The first European Workshops in International Studies (EWIS) gave a comprehensive view of the state of the discipline, with 14 sessions running in parallel and 200 researchers participating.
Global governance is still on the top of the research agenda, despite the progressing fragmentation of the West and the uncertainty concerning the international intentions of "rising powers." Practically half of the participants chose to speak about norms, legitimacy and institutions – although not necessarily from idealist positions. Thomas Diez, one of the leading European voices in debates on normative power and a co-chair of EWIS, proposed to start tackling norm projection as one of (the most effective) forms of hegemony. This sounds quite fair.
It seems illustrative that even those scholars who gathered for the energy studies workshop were basically concerned about immaterial effects of oil and gas industries and their security ramifications. Indeed, the major problem that Gazprom faces in Europe boils down to its reluctance to observe EU anti-trust rules and other regulations. By the same token, the effects of the so-called shale gas revolution on energy markets are impossible to grasp without paying attention to how much we know about the repercussions of alternative energy resources, of how information flows are organized, and how they influence (mis)perceptions among decision-makers. Paradoxically indeed, sometimes norms are more visible and provable than unstable and constantly-shifting interests.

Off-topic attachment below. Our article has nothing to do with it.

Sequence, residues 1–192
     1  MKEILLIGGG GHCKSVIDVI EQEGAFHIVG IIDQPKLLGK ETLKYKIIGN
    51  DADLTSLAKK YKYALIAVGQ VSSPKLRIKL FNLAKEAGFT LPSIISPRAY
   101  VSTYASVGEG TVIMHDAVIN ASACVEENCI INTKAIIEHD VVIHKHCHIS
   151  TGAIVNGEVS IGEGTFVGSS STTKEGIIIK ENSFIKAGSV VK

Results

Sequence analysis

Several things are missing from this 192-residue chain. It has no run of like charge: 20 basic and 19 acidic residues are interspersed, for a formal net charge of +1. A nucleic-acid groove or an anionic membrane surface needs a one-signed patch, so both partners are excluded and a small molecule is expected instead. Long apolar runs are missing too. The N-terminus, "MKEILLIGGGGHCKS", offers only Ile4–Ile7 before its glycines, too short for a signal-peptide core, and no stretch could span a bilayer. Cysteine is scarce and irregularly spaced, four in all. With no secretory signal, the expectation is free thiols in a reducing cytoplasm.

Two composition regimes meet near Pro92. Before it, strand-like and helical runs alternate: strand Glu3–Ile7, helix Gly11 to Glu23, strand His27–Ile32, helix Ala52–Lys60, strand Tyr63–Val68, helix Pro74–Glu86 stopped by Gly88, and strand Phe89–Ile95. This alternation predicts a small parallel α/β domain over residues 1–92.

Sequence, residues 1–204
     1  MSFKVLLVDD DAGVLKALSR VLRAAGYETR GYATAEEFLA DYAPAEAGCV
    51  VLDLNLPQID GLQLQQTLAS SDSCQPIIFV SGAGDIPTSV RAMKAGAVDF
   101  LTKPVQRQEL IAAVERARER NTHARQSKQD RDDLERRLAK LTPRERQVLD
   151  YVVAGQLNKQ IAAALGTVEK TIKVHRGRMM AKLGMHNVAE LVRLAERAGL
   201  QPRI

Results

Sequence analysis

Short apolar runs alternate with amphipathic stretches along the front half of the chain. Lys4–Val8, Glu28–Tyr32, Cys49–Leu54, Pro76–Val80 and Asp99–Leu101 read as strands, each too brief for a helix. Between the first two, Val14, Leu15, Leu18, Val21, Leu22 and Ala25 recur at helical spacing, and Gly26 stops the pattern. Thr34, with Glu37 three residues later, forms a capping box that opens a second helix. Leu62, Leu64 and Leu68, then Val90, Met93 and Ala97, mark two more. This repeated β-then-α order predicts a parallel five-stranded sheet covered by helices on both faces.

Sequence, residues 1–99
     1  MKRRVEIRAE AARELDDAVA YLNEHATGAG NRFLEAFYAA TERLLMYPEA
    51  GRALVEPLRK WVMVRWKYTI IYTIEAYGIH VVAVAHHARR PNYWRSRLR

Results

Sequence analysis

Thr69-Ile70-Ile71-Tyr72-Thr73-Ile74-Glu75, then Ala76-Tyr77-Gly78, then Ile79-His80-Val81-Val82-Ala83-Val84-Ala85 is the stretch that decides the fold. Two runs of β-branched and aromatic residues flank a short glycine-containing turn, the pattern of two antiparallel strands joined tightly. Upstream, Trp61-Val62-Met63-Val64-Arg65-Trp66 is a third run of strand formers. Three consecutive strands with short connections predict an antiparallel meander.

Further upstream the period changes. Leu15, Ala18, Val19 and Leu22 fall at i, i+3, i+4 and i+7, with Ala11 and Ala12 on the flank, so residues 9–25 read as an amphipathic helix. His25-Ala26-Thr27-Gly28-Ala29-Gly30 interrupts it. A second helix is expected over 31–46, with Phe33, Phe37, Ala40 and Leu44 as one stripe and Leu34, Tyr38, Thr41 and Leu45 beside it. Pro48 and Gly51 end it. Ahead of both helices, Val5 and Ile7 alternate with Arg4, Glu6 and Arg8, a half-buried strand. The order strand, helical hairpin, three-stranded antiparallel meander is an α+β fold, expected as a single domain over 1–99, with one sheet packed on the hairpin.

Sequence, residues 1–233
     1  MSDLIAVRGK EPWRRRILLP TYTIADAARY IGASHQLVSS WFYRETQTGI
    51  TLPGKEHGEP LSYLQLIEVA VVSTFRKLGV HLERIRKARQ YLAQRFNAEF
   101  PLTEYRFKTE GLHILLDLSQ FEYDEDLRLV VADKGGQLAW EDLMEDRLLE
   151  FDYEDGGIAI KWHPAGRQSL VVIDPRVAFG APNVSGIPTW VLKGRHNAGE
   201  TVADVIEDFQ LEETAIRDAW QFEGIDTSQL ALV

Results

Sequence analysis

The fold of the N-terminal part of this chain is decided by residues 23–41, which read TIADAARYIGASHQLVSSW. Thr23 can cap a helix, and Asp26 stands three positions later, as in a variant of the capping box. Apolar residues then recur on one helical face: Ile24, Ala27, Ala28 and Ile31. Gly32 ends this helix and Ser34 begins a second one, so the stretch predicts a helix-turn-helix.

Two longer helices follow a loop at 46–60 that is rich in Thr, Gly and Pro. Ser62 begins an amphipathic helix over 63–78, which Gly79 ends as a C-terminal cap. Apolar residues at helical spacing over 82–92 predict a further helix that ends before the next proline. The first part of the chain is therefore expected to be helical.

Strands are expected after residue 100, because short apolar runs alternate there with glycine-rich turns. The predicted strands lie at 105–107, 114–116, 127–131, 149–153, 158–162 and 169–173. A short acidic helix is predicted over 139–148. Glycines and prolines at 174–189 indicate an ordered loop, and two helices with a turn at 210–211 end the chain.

The normative turn in international relations theory explains the high interest in the constantly-reproducing political effects of relations between key international actors. Many scholars have been painstakingly looking for sources of politicization in diverse fields, from visual arts to economic interactions. Many deem that politics is born out of the ongoing debates over key concepts that we use for describing international reality.
Take, for example, the idea of the “West.” Neoliberalism – one of the ideological foundations for its hegemony – may be in decline, but this is not to say that non-Western (in particular, post-colonial) theories can offer better explanations for world trends. As one academic in the Tartu workshops noted, we should be careful about glorifying all "subaltern" voices (coming from Iran, Turkey, Russia, etc.), and shouldn't forget to pay closer attention to what kind of regimes they are.
The concept of modernity – another "big" word in international studies – is also among the most contested. Barry Buzan, a leading voice of the English School of IR theory, in his keynote speech claimed that in some sense we are going back to the international structure of the pre-modern world. By the same token, he strongly appealed to study more closely the 19th century as an axial time, a departing point for contemporary ideologies and concepts of power. This may only confirm that hegemony and exclusion are universal mechanisms of identity-building, both historically and in the contemporary world – in the West or in the East.
Andrey Makarychev is a Professor at the Institute of Government and Politics, University of Tartu, blogging for PONARS Eurasia on the Russia-EU neighborhood.